A Slow Website Loses The Race!
There are numerous aspects that can contribute to an excruciatingly slow website. It is said that the average user will wait approximately 2 to 4 seconds for a page to load before taking their business and attention elsewhere. In this day and age we expect everything immediately, if your website isn’t performing as quickly as the user expects then you could be missing out on business.
Poorly Written? Naughty Coder!
Having code that is poorly written can really inhibit your website. This can mean that your browser has to work twice as hard to retrieve the same information. In the framework of a website the code is the underlining backbone and there can be thousands of lines of interconnected code, it only takes a few errors to cause a domino effect slowing everything down. Nobody wants to wait 5 minutes to see cute pictures of kittens. So, with this in mind (and the cute kittens) the key is to have the code written as clean and precise as possible.
Large File Sizes
Who doesn’t love a nice high-resolution image, with crystal sharp image quality? That being said not everyone needs to see that image of your favourite cupcake the size of a billboard.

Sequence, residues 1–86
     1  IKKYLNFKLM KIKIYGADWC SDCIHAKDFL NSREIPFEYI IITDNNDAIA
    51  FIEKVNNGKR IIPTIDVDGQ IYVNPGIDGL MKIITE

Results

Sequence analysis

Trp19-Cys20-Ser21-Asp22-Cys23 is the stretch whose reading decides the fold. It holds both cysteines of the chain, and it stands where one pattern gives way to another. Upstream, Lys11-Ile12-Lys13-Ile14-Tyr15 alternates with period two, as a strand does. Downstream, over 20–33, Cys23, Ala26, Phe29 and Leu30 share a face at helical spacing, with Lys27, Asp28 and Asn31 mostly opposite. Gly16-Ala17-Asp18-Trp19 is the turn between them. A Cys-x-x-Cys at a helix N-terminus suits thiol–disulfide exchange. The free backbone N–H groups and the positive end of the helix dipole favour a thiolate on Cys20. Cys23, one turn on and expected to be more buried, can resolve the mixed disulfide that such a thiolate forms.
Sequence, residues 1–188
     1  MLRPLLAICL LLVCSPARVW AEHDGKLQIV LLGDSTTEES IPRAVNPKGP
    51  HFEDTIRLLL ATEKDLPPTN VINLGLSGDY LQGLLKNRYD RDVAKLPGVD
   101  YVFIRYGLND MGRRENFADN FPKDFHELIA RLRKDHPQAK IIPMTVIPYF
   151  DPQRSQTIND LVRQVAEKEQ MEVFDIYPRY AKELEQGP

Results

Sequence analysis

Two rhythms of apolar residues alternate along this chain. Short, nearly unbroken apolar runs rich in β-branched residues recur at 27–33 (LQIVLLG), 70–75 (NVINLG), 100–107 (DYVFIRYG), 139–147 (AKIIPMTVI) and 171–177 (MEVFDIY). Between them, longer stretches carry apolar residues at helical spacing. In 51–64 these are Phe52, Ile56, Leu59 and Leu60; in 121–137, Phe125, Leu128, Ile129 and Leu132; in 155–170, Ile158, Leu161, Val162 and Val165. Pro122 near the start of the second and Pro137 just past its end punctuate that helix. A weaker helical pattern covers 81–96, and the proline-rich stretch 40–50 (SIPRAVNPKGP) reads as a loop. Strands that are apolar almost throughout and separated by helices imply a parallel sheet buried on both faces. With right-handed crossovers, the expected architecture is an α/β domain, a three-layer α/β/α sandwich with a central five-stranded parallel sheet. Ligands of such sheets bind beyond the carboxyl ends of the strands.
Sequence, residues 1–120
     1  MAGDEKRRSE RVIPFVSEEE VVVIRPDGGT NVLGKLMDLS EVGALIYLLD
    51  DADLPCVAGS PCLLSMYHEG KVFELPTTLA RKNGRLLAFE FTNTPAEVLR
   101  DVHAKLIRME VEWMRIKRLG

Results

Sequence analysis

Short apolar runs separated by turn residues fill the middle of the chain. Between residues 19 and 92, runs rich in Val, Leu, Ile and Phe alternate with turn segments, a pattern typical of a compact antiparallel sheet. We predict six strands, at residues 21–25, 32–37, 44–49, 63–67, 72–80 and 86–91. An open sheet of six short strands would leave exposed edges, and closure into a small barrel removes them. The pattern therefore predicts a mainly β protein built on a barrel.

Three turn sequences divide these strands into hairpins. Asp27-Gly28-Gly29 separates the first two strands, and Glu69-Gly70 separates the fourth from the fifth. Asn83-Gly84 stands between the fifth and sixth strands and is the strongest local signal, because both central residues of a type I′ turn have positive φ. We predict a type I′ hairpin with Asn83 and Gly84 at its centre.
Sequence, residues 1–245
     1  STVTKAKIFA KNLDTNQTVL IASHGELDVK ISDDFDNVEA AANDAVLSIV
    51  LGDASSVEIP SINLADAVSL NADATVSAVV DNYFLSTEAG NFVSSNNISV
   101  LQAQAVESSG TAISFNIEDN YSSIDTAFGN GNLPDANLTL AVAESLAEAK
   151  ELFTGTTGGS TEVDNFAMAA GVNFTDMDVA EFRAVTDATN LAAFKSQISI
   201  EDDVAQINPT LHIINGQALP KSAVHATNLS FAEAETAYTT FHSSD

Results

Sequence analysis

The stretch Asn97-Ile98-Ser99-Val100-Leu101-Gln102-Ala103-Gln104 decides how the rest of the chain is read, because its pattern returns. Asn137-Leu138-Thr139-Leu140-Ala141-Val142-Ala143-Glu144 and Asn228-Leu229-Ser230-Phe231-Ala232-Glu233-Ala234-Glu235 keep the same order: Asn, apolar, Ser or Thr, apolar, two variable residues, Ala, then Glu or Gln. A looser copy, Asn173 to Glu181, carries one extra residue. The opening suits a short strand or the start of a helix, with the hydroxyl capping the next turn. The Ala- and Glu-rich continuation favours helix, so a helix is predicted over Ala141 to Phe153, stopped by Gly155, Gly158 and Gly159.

Optimising your images for the web greatly increases the speed of the overall site loading time. You can have a smaller thumbnail which will link to the much higher quality version of the image. Users clicking on this will be expecting to see a higher quality version of the image so will expect the possibility of a slight delay even though a well optimised image at a larger size should not delay loading time. This optimisation process isn’t just limited to images, it is also relevant to all media files, from videos, music, animations, PDF documents, virtually anything you can think of that you would want to upload, embed or link to.
Poor hosting can be one of the most frustrating things not only for the business owner – but for the user too. It’s always tempting to go with the hosting provider who says they will host your website for next to nothing, very tempting indeed. The issue is that (as the old saying goes) you get what you pay for. By going for very cheap hosting it’s likely that you’ll be squeezed onto a server with A LOT of other people. Often the consequences of this translates into a small amount of bandwidth, which in turn limits the amount of data your audience can receive making for very slow loading times (that’s if it loads at all) and of course very frustrated users.